Wounded Warrior Project Reportedly Refused to Take Churchs Money

(Source: Fox News)

Wounded Warrior Project is refusing to accept a Florida Christian church’s money because it is “religious in nature,” Fox News’ Todd Starnes reports. Liberty Baptist Church and Academy, located in Fort Pierce, Fla., is also a K-12 school.

“We were heartbroken,” Pastor Wallace Cooley told Fox News.

It wasn’t until after Liberty Baptist Church and Academy had already paid a $100 registration fee to raise funds for Wounded Warrior Project that the they received an email from the non-profit organization.

“We must decline the opportunity to be the beneficiary of your event due to our fundraising event criteria, which doesn’t allow community events to be religious in nature,” WWP’s community events team wrote in an email. “Please note your registration fee will be refunded within the next 7-10 business days.”

Because Wounded Warrior Project considers itself to be a nonpartisan organization, the group says it can’t accept fundraising from companies “in which the product or message is religious in nature.”

The church was reportedly planning to accept a special offering on the last Sunday in February and students were collecting money from family and friends to give to WWP.

“We had to tell our children and parents we can’t give to the Wounded Warrior Project…We are second-class citizens now because we are people of faith,” Cooley told Fox News.

The pastor said the church anticipated bringing in roughly $50,000 for military veterans.

Wounded Warrior Project Reportedly Refused to Take Churchs Money

The email the church received from Wounded Warrior (Source: Fox News)

Fox News has more details:

A Wounded Warrior told Fox News they would look into the matter. The organization did not respond to subsequent telephone calls.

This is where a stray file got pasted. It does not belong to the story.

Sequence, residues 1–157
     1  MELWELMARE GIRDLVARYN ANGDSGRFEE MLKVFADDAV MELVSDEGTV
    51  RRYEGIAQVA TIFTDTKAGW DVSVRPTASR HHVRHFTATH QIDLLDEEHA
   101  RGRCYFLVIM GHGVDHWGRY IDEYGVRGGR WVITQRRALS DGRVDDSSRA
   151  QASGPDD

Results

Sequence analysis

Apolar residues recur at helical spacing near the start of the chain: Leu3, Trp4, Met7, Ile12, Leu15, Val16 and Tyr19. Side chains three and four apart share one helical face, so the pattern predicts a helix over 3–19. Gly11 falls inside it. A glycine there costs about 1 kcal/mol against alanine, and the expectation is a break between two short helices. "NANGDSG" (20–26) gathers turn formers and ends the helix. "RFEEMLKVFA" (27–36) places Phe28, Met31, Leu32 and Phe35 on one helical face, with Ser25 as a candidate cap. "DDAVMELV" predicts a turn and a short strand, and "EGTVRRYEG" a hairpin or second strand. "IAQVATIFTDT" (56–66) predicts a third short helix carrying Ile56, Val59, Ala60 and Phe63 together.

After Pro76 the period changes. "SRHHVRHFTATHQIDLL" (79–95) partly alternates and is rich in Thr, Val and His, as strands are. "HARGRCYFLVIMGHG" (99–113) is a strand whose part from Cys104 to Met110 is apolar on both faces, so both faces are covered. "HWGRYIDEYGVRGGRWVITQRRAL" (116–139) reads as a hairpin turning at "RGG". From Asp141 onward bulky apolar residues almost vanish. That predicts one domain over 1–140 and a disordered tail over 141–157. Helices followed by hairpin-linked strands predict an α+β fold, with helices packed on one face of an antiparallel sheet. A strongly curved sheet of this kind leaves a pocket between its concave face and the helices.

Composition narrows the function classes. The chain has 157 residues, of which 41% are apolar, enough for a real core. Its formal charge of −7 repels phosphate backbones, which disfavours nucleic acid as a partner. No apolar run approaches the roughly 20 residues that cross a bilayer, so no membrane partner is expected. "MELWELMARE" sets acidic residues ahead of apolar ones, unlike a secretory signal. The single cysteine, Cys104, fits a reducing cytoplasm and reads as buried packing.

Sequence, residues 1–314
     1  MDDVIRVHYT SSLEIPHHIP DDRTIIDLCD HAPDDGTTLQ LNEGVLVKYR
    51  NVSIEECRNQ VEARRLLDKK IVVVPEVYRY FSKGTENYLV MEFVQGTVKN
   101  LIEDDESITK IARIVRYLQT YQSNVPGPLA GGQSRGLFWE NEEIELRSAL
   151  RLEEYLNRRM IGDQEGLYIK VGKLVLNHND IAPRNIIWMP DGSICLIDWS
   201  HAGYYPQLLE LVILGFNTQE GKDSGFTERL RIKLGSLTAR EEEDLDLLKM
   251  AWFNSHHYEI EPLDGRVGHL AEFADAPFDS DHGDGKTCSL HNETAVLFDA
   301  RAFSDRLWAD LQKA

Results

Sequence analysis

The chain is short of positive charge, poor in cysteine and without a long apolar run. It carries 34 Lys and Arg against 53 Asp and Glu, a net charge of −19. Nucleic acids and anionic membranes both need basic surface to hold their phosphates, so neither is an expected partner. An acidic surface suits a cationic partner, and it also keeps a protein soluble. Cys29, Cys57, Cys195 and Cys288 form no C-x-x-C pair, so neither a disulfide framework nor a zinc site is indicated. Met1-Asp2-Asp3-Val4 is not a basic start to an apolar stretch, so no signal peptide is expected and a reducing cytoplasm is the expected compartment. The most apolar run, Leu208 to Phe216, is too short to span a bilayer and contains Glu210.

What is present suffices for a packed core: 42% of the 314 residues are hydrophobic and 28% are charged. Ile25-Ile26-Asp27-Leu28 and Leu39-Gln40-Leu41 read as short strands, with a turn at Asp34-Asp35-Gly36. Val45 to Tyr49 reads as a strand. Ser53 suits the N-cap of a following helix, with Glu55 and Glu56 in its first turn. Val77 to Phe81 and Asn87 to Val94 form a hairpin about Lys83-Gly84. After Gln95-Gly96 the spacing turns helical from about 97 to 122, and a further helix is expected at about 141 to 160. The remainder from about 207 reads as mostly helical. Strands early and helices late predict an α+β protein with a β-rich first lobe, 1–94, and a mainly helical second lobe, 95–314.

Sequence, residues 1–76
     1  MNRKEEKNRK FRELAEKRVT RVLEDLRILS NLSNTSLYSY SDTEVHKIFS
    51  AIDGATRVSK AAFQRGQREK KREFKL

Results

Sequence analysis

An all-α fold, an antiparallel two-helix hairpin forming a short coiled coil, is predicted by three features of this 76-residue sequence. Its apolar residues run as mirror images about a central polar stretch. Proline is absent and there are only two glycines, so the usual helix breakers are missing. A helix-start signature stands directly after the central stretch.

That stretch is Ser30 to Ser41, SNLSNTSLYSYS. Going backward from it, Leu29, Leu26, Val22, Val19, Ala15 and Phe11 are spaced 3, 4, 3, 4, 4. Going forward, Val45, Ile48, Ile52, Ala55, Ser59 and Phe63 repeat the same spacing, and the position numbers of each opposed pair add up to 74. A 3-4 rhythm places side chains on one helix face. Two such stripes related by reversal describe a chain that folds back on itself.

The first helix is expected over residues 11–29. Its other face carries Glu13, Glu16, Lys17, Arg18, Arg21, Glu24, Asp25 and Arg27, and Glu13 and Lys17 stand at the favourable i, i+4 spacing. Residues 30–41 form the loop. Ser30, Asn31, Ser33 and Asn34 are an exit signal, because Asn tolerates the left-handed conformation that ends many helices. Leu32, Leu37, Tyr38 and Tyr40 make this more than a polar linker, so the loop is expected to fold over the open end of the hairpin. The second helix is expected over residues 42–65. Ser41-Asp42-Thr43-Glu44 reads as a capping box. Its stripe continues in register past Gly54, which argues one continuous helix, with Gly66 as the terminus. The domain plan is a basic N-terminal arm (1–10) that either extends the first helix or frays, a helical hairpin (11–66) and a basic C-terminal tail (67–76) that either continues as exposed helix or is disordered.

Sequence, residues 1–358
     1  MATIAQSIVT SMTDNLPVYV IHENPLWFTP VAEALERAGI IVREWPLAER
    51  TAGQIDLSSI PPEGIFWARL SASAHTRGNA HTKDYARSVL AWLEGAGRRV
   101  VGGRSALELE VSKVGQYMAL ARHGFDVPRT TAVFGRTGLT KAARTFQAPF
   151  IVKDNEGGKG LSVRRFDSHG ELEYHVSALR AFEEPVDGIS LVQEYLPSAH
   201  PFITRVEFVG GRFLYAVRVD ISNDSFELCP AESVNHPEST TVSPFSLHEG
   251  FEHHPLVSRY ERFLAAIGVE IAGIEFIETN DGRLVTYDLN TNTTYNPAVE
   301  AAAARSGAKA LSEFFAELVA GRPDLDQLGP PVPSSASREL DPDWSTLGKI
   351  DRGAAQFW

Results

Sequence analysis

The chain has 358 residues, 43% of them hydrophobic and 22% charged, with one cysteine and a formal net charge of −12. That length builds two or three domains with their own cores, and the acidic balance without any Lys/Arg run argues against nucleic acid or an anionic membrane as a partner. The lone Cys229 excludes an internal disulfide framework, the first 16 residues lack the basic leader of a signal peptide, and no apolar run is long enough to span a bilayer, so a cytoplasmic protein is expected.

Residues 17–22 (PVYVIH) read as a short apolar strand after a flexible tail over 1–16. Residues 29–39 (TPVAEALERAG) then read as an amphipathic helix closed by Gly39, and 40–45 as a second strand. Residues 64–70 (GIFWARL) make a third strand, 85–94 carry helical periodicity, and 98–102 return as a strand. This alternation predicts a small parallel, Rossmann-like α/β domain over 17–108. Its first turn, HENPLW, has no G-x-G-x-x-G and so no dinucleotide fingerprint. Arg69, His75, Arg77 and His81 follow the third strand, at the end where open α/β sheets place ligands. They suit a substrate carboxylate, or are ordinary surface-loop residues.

The fundraising project was a joint effort by the 400-member church and the 460 students who attend the academy. The pastor said he first learned about WWP by watching Fox News Channel.

“We appreciate the freedoms we enjoy in this country and the fact that our soldiers have fought for freedom of religion,” he said. “We teach patriotism in our school.”

Kindergarten teacher Tanya Sue Albritton posted a message on the Wounded Warrior Project Facebook page, explaining that her students were devastated.

“They were very sad,” she wrote. “One little girl wanted to know, ‘Why can’t we share with the soldiers?’”

“I was at a loss as to what I should tell her because I don’t understand it myself…Well, WWP, why can’t we share with the soldiers,” she added.

In delivering the news to his congregation, Pastor Cooley penned what he described as “one of the saddest letters I have ever had to write”:

“We are very disappointed that we, as a religious organization, are being discriminated against. But they are a private organization and have and should have the freedom to make their own rules.”

Cooley said the donations that were made have been returned and the church is currently looking for another veterans group to help — one that will accept their generous donation.

TheBlaze has reached out to Wounded Warrior Project and will update this story as additional information becomes available.

To read Fox News’ full report, click here.

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